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Hawaii G-M-O: Kauai County GMO Regs Struck Down in Federal Court




by:
Mintz Levin Cohn Ferris Glovsky Popeo P.C. - Boston Office

 
September 2, 2014

Previously published on August 28, 2014

Throughout the year, this space has periodically re-visited the topic of regulating the manufacture and labeling of foods with genetically modified ingredients (GMOs) at the state and federal level. This week, a lawsuit out of Kauai, Hawaii shed light on the fate of these regulations at the county level.

A federal judge ruled Monday that a Kauai County ordinance requiring large-scale agricultural operations to disclose any GMOs in their possession, as well as the presence and use of pesticides in the growth of GMO crops, such as corn and papaya, was preempted by state law. The ordinance also established “buffer zones” near “sensitive areas” such as dwellings, parks, roads, shorelines, and waterways, where crop growing would have been prohibited.

A lawsuit filed against Kauai County by a number of agricultural companies argued, among other things, that the ordinance was invalid because it was preempted by state and federal regulatory schemes regarding pesticides and GMOs. U.S. Magistrate Judge Barry Kurren agreed in part and concluded that, although the Hawaii Pesticide Law does not contain provisions that expressly conflict with Kauai’s GMO ordinance, the state law’s broad scope implied that the Hawaii legislature intended that only the state government had the authority to regulate pesticides and the planting of GMO crops.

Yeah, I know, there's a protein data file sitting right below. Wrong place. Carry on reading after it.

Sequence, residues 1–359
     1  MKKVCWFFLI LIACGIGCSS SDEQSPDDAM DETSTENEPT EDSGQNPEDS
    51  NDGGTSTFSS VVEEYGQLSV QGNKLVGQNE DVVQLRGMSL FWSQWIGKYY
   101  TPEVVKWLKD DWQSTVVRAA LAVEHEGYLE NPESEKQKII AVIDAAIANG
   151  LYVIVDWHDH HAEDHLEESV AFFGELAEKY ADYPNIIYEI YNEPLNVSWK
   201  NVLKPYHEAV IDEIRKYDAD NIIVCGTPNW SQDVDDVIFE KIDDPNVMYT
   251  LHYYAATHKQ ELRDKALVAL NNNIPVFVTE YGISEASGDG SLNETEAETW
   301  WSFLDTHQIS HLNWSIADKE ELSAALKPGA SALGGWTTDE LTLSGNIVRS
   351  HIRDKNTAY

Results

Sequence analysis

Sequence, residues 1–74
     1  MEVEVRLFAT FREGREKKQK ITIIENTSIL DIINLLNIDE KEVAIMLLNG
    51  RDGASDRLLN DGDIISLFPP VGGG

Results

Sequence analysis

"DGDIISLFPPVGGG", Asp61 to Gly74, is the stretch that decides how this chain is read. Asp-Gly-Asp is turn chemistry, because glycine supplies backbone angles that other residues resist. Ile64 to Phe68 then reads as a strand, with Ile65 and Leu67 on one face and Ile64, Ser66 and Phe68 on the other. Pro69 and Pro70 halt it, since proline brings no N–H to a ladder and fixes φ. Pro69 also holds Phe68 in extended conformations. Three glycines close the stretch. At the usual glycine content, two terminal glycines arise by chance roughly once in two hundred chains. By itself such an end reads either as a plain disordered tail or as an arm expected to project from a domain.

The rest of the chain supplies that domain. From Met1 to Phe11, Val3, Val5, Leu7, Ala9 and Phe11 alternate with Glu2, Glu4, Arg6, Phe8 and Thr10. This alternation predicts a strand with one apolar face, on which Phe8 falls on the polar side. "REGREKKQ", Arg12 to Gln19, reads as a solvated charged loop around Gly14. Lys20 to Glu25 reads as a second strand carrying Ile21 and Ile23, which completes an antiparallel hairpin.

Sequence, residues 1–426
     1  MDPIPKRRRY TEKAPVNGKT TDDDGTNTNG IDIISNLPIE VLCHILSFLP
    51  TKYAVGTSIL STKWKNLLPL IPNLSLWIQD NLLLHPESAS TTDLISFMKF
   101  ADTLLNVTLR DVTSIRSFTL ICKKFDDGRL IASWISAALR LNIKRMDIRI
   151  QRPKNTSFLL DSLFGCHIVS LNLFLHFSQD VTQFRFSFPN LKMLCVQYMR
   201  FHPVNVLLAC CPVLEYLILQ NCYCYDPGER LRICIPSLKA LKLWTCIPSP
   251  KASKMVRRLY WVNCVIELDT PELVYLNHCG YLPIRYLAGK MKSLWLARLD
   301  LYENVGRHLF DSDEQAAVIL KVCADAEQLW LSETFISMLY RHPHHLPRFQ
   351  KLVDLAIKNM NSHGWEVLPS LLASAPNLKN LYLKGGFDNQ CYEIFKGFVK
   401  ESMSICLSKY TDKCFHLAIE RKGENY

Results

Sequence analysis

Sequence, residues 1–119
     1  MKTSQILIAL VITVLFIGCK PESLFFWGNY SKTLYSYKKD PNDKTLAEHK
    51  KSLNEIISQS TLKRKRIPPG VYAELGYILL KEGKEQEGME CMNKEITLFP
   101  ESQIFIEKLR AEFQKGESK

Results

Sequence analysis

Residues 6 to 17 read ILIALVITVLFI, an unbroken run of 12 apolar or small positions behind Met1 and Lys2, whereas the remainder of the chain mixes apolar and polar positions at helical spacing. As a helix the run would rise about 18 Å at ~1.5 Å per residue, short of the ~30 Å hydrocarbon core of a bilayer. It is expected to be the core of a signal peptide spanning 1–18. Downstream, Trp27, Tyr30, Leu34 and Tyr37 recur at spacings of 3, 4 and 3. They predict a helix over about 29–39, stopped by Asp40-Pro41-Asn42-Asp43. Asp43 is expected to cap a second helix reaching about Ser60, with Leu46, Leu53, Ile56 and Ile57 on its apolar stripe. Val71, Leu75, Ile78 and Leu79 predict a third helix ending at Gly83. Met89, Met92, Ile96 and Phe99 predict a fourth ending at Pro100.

The Court further ruled that federal laws do not preempt the ordinance, leaving open the possibility that Hawaii could amend its laws to regulate GMOs in this manner without running afoul of federal law. So, while crop growers and manufacturers may be able to steer clear of county-level regulations of GMO crops, they may still have to deal with a growing patchwork of state-level regulations of same. This would present the same set of practical and constitutional issues-including Commerce Clause issues arising out of placing burdens on interstate commerce-that have formed in the arena of state-level GMO labeling regulations. Ultimately, until the federal government decides what it wants to do with the manufacture, distribution, and labeling of GMOs, there will be no end in sight to these battles over regulatory authority in federal courts...



 

The views expressed in this document are solely the views of the author and not Martindale-Hubbell. This document is intended for informational purposes only and is not legal advice or a substitute for consultation with a licensed legal professional in a particular case or circumstance.
 

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